Step Five:
You get your family out of the car and get everyone bundled into their snow gear. This includes stuffing your annoyed baby into a snowsuit like a sausage and then stuffing said baby-sausage into the snuggli carrier WHILE wiping his nose and getting two little girls into snow pants. All of this takes approximately four and a half days. Thankfully, you have very patient and wonderful friends.

Step Six:
You take a headcount, strap the baby onto your chest, and start walking. This begins as a rather rowdy and cheerful event, with all sixteen members of your party throwing snowballs, exclaiming over the beauty of the scenery and making some funny although horrible Donner party jokes. You are immediately thankful that the event organizer's father has a chainsaw strapped to his back. Thus begins the quest for the perfect tree.

Step Seven:
You look at trees.

Step Eight:
You walk some more.

Step Nine:
You look at some trees.

Step Ten:
You pull your five year old out of a snowbank for the thirty seventh time. Thankfully, she still thinks it's fun.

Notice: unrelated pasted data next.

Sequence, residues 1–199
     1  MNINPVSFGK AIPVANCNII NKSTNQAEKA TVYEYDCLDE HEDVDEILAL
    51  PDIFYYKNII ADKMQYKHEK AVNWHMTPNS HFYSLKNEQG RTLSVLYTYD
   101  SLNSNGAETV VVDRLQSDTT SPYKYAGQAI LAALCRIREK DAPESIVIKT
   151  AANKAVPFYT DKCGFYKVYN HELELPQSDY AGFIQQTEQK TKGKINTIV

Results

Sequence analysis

Step Eleven:
You walk some more.

Step Twelve:
You shake some snow off of some trees.

Step Thirteen:
You fix your four year old's gloves, AGAIN. Then you repeat steps 9 - 13 several more times.

Step Fourteen:
You realize that your feet are cold and you can't feel your butt. Oddly enough, you are having an absolute blast.

Step Sixteen:
Finally, at long last, the chainsaw fires up. The snow is falling in huge fluffy flakes and the trees start coming down to the jubilant cries of TIM-BER and "No Skippy, that one is too big babe." It was actually really fun. The first thing you realize is that these trees....they are different. They aren't like Christmas tree farm trees, all perfect and full and shaped like a first grader's green construction paper triangle. These suckers have character. And when each family/couple/group found their tree, it was really pretty neat. There was a great sense of accomplishment. I mean, it's not like we walked along a clean paved path, surveying the available trees the way one would check out the cereal aisle at the grocery store. Nuh uh. There was no trail. We used a "path" of sorts that some snow mobiles had created earlier and we were hiking up and down hills wading through snow that sometimes came up past my knees. It was AWESOME. Can you blame Skippy for looking proud?

Of course, then you realize that not only must you walk all the way back, but now you have to drag a tree along with you. And your kids are tired. And now you REALLY can't feel your butt anymore. Which of course brings us to step seventeen.

Step Seventeen:
You walk back. Let's just leave this step as it is okay? You really don't want me to elaborate.

Step Eighteen:
You prop your tree up against the car. Your very own real live OREGON CHRISTMAST TREE. You realize that you're not done yet. Somehow you still need to tie that puppy up there. You still have to drive all the way home.